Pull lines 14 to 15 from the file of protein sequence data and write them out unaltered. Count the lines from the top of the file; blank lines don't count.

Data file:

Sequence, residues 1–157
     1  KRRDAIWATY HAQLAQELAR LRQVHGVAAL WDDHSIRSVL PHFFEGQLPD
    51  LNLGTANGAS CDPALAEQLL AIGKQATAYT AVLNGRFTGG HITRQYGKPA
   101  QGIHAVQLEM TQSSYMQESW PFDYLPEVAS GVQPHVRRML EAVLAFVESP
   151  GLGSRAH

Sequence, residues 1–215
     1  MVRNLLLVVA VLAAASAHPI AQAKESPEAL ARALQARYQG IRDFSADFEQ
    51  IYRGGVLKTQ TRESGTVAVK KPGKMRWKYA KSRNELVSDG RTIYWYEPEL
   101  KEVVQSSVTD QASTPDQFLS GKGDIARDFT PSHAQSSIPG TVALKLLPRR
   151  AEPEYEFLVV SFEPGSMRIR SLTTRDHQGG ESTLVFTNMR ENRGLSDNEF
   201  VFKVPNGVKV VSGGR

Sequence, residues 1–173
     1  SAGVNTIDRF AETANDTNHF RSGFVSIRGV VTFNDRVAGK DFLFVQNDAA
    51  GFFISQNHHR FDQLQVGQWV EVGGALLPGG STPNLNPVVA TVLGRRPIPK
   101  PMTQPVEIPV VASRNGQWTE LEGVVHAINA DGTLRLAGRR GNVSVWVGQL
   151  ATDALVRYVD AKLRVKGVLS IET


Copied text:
    51  GFFISQNHHR FDQLQVGQWV EVGGALLPGG STPNLNPVVA TVLGRRPIPK
   101  PMTQPVEIPV VASRNGQWTE LEGVVHAINA DGTLRLAGRR GNVSVWVGQL